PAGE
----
JumperCut SxSW Adventure



Here we are on Sunday, looking back on the fact that the last JumperCut goes to SXSW blog entry we put in was about last Monday, and it’s obvious that SXSW became e blur… a blur of music, films, sessions, parties and nonstop interesting conversations.  The JumperCut team was all together on Tuesday, and then a couple of our team members had to leave so only Andrew, Ben and Phil remained.  This last SXSW update is a summary of the experience from our final few days, and some take-aways.

Tuesday was our big day – our panel presentation of “Collaborative Filmmaking using Mobile Technology”.  Here is the JumperCut video of that experience.

From the session it was clear that there is interest and what seems to be unmet demand for creating collaborative films together.  As we stated in the session, over 1 billion people now have phones with HD cameras, and most all of them are connected through a social network.  This combination could result in an explosion of not only social video, but collaborative filmmaking using mobile technology.  The questions we received from the session were insightful, such as if we had had any classes utilize the JumperCut platform for legitimate filmmaking (apparently our Hiking Silver Star film, at a budget of $100 and one day’s worth of time, was not seen as cinematic brilliance, much to our dismay!).  It was a great event and I think everyone came away with a better understanding of the challenges and the opportunities around collaborative filmmaking.

Our conversations continued throughout the day with film school faculty talking about how to introduce collaborative filmmaking to their students, with leadership directors of major youth programs talking about how to introduce collaborative filmmaking for their participants, and even some who had ideas about how to use animation clips to allow people to choose their own adventure for animated characters.  Tuesday wrapped up with the Interactive closing party, featuring DeadMau5, where conversations continued with advertising agency execs who were excited about the potential for collaborative videos and their brands.  So through Tuesday, work and fun were mingled all the way to the end.

And then came Wednesday and Thursday.  With the Interactive festival done, the film festival winding down, what was left was the music festival…. and an entirely different vibe.  If the interactive festival was like going to Mac World, and the Film Festival was like going to Sundance, the Music Festival was a cross between being caught in a techno concert at the Coliseum and stumbling into the back room of a gay bar off of Stark Street only to find a transgendered rapper yelling something that sounded a lot like “STOMP THE GUTTER MICE!”.  If you wanted variety, you got it, from really good, big name groups, to really small groups, all quite good, and most in unusually intimate settings.  The highlight of the music festival for the JumperCut team was Tenacious D, primarily because it allowed us do a short collaborative film about “Tenacious D and Tenacious Fans” featuring our very own Andrew Wallner.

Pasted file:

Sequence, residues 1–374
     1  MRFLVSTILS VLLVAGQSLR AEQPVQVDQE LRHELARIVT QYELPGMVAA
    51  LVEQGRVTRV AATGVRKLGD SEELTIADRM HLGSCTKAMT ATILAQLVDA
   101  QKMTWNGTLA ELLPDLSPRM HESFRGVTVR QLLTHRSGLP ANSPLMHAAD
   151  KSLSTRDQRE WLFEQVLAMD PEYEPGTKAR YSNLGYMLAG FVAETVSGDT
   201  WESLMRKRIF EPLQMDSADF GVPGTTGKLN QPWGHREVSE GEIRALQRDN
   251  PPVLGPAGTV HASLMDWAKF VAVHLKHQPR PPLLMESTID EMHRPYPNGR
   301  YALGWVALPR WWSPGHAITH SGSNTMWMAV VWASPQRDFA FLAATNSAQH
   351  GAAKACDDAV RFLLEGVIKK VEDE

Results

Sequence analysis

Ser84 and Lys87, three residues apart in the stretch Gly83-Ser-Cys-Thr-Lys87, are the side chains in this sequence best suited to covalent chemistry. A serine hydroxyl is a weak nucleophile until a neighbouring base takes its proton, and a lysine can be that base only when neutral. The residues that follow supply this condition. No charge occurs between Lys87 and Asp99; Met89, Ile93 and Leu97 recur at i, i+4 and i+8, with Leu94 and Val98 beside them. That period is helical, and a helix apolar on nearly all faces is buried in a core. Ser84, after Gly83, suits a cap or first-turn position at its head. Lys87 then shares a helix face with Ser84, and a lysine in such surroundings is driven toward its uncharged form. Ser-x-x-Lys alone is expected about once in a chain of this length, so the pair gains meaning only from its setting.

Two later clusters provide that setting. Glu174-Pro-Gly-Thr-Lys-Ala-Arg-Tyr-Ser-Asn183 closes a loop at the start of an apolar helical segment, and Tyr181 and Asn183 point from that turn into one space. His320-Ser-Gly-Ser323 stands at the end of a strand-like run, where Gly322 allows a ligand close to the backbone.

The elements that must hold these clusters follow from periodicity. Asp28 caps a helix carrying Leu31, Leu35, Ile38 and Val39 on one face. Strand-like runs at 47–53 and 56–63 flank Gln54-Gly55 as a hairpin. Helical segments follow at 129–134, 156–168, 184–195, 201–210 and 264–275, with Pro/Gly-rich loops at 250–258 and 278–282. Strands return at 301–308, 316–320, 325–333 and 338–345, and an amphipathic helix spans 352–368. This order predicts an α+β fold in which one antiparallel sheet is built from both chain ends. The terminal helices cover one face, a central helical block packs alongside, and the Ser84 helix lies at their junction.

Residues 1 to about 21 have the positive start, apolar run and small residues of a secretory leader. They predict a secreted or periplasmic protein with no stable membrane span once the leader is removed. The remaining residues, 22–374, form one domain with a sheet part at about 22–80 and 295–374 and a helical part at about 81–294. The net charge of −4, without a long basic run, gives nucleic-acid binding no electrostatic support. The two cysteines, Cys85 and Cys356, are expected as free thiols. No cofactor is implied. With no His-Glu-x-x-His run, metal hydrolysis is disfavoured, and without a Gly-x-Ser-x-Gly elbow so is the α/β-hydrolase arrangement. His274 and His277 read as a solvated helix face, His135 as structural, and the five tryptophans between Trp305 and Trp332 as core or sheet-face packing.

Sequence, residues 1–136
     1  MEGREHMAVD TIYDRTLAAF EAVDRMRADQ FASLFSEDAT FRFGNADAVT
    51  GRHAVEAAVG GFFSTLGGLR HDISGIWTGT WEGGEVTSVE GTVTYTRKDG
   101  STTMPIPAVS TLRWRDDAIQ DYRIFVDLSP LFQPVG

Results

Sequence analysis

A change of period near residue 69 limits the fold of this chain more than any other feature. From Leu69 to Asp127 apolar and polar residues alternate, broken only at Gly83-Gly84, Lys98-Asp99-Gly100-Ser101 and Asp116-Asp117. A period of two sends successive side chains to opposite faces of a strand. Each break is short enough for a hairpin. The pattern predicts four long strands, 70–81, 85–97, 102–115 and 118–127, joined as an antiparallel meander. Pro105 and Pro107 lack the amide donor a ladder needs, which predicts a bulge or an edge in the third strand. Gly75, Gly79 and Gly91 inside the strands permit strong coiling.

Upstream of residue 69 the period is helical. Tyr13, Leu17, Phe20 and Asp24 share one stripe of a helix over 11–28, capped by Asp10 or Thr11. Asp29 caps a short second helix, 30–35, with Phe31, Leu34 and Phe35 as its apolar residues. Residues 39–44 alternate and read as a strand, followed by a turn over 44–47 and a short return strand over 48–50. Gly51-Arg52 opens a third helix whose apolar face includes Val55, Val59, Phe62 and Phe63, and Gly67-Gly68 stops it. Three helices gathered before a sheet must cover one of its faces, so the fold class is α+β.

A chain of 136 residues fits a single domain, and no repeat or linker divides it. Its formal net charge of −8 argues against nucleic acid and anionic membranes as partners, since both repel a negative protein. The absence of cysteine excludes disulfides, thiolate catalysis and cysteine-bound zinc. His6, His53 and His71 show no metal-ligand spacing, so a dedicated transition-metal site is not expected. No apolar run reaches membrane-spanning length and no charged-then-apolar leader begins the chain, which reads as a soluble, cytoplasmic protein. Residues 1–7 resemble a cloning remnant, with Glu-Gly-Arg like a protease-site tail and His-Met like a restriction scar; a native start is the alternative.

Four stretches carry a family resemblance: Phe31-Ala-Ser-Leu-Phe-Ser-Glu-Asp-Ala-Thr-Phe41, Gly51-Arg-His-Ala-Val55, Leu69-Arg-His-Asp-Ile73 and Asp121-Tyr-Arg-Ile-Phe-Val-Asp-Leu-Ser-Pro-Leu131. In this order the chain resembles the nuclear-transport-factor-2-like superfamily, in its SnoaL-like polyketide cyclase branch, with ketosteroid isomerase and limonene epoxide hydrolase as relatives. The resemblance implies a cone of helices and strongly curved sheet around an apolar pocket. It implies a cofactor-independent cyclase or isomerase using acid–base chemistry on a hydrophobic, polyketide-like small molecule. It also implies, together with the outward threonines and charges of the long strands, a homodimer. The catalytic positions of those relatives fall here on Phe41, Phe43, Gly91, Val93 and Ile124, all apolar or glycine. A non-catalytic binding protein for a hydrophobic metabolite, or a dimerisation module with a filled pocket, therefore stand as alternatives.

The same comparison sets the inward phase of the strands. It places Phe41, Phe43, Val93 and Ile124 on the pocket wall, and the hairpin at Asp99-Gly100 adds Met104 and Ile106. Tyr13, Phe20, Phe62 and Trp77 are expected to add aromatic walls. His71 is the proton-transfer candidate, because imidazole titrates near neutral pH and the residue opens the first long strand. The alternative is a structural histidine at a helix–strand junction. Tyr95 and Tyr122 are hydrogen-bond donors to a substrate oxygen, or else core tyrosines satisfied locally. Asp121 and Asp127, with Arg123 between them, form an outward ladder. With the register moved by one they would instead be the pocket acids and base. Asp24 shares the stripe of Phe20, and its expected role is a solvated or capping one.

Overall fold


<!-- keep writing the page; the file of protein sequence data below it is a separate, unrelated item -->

We arrived back home on Friday, dazed and exhausted, pockets full of business cards, and a whirling sense of satisfaction from our trip, and a shared desire to go back again next year.  “But next time, we’ll plan better.” I hope not, as the randomness of stars, bands, and creative people of all sorts made for a crazy mix that will make for a lifetime of memories.  We pondered how Portland could hold such an event.  We wondered if we might connect the SE Hawthorne district, Produce Row, downtown, the convention center and old town together in a giant tapestry of creative weirdness, all connected by bridges that are each decorated in some eccentric theme.  Perhaps instead of pedi-cabs we would decide that transportation by horseback is a more fitting tribute to our heritage.  Our consensus seemed to be that we wanted something like this.  We wanted to be able to come into Portland and enjoy the creativity that is SXSW… To have marionette performers on the street corner.  To have unicyclists in tutus juggling fresh fruit while yodeling.  To have pubs doubling as movie theaters, and startup technology companies sharing their space with coffee shops.  Come to think of it, that already sounds like Portland.  How much did you say that Platinum badge was again?
-Philip Marshall

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